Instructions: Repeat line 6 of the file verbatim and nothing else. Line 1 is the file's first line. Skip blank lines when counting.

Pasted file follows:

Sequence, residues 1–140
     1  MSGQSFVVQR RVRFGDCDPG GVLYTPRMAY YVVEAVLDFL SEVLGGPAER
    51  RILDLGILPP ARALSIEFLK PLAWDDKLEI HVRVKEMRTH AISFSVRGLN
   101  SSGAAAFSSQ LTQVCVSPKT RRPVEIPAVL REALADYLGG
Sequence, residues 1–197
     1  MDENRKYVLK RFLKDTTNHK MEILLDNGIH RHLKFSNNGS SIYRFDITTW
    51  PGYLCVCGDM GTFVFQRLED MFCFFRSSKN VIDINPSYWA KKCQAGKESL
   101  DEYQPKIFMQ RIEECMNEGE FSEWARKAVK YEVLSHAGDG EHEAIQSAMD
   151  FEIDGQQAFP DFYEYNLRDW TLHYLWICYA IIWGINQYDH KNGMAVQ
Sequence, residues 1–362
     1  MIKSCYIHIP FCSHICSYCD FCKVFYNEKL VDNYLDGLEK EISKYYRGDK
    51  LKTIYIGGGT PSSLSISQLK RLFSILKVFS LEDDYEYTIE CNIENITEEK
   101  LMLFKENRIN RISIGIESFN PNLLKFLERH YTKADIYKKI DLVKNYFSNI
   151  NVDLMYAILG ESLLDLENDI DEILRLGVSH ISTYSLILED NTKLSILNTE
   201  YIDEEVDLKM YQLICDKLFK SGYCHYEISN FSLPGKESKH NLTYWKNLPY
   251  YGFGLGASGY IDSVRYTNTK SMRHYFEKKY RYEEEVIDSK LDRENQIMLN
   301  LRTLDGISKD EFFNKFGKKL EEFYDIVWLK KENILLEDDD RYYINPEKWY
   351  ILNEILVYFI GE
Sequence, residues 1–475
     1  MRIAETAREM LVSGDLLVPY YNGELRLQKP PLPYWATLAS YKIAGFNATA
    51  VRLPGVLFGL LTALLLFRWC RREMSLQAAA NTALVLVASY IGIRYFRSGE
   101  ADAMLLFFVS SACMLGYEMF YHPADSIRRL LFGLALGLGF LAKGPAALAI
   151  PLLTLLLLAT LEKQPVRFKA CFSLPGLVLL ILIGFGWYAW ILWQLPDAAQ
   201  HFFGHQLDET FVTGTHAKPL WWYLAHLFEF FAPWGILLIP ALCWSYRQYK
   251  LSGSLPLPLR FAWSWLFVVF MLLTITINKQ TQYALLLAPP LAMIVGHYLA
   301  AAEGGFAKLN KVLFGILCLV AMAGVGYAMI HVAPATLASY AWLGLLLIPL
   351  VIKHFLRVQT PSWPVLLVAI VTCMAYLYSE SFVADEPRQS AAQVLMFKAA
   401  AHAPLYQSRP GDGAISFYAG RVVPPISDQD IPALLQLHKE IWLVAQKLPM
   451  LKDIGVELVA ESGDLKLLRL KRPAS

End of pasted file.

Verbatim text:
     1  MDENRKYVLK RFLKDTTNHK MEILLDNGIH RHLKFSNNGS SIYRFDITTW